Context: Preterm birth is a major cause of infant morbidity and mortality. Less is known about long-term health among persons born preterm.
Objective: To determine the long-term effects of preterm birth on survival, reproduction, and next-generation preterm birth.
Design, setting, and participants: Population-based, observational, longitudinal study using registry data from 1,167,506 singleton births in the Medical Birth Registry of Norway in 1967-1988. The cohort was followed up through 2002 for survival. The cohort was truncated to births from 1967-1976 for assessment of educational achievement and reproductive outcomes through 2004.
Main outcome measures: In relation to sex and gestational age at birth, absolute mortality, risk of fetal, infant, child, and adolescent mortality, and incidence and risk of reproduction and next-generation preterm birth. Singleton term (37-42 weeks) fetal deaths and live births, stratified by sex, served as the reference group for all analyses.
Results: The percentage who were born preterm was higher among boys (5.6%) than among girls (4.7%). Preterm participants had an increased risk of mortality throughout childhood. For boys born at 22 to 27 weeks, mortality rates were 1.33% and 1.01% for early and late childhood death, with relative risks (RRs) of 5.3 (95% confidence interval [CI], 2.0-14.2) and 7.0 (95% CI, 2.3-22.0), respectively. The mortality rate for girls born at 22 to 27 weeks was 1.71% for early childhood death, with an RR of 9.7 (95% CI, 4.0-23.7); there were no late childhood deaths. For 28 to 32 weeks, the early and late childhood mortality rates among boys were 0.73% and 0.37%, with RRs of 2.5 (95% CI, 1.6-3.7) and 2.3 (95% CI, 1.3-4.1), respectively. Girls born at 28 to 32 weeks did not have a significantly increased risk of childhood mortality. Reproduction was diminished for index participants born preterm. For men and women born at 22 to 27 weeks, absolute reproduction was 29.3[corrected]% and 51.9[corrected]%, with RRs of 0.59 [corrected] (95% CI, 0.45[corrected]-0.79[corrected]) and 0.78 [corrected] (95% CI, 0.65[corrected]-0.93[corrected]), respectively. For 28 to 32 weeks, absolute reproduction was 43.1[corrected]% and 63.6[corrected]% for men and women, with RRs of 0.81[corrected] (95% CI, 0.77[corrected]-0.86[corrected]) and 0.89 [corrected] (95% CI, 0.86 [corrected]-0.93 [corrected]), respectively. Preterm women but not men were at increased risk of having preterm offspring.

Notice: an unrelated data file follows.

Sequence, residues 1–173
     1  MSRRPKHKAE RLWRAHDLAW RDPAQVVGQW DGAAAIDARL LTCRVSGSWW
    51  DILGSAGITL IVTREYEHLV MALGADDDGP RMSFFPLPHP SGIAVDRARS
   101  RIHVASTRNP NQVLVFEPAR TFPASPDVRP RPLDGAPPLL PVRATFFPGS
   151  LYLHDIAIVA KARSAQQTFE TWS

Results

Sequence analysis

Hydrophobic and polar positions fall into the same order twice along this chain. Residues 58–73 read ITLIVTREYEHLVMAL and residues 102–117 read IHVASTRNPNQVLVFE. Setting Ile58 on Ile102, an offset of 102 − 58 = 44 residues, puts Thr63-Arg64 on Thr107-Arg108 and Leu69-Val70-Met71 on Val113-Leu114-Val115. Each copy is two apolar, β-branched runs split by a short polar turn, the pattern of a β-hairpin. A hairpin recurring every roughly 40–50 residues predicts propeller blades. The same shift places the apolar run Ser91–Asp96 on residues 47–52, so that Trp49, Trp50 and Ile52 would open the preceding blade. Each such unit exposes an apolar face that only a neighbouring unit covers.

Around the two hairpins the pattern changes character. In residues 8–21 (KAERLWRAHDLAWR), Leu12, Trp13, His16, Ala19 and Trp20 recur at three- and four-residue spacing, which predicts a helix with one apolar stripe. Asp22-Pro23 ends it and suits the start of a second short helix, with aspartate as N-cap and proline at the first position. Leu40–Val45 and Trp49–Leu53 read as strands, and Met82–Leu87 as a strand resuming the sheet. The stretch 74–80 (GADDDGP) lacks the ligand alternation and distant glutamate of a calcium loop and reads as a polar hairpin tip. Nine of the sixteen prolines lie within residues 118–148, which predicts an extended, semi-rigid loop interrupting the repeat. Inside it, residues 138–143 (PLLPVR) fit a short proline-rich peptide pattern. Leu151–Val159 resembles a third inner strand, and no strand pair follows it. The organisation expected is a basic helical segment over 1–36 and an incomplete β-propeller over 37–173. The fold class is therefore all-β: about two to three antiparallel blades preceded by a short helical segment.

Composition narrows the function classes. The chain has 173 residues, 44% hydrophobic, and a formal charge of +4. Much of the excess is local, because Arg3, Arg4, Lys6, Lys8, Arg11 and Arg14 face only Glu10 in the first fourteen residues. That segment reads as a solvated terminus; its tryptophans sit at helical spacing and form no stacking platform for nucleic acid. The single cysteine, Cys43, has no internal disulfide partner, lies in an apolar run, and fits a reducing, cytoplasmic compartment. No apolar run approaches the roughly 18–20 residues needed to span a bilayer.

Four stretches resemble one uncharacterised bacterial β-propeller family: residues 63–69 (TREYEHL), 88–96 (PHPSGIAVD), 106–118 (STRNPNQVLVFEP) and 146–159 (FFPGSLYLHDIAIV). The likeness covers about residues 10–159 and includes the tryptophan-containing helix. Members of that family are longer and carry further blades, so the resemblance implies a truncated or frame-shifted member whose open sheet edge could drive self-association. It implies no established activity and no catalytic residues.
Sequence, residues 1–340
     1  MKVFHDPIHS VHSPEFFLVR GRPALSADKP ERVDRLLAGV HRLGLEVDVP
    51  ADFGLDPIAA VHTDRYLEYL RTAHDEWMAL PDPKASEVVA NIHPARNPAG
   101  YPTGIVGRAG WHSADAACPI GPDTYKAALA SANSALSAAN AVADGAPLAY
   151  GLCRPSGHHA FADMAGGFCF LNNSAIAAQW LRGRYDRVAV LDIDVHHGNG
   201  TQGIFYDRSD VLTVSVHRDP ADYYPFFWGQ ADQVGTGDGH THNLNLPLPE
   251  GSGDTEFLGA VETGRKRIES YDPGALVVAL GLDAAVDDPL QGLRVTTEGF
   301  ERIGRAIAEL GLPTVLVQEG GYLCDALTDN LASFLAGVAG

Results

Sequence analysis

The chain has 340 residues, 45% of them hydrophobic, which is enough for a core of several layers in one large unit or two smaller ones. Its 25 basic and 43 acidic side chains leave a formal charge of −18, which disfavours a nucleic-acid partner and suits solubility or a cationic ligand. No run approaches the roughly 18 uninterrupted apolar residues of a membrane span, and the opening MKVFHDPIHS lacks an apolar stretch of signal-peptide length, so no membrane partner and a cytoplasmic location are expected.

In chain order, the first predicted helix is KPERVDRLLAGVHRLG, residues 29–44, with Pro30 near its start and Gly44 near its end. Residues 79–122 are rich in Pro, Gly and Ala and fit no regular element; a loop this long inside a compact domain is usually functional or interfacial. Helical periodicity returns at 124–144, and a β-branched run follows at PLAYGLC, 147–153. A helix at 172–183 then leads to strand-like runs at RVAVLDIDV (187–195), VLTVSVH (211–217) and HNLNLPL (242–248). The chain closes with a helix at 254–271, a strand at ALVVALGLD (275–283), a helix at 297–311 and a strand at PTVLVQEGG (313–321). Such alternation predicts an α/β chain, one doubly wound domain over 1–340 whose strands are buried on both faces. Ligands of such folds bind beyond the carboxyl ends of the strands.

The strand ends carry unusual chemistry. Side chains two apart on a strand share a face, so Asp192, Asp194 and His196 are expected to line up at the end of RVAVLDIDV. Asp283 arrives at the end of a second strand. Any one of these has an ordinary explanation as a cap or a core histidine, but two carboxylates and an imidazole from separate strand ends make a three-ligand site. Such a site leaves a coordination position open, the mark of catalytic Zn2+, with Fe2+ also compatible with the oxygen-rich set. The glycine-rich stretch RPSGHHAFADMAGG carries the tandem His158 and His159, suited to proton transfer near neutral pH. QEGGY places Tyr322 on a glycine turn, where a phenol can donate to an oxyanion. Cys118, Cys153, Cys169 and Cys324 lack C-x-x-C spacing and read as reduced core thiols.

Conclusion: In persons born in Norway in 1967-1988, preterm birth was associated with diminished long-term survival and reproduction.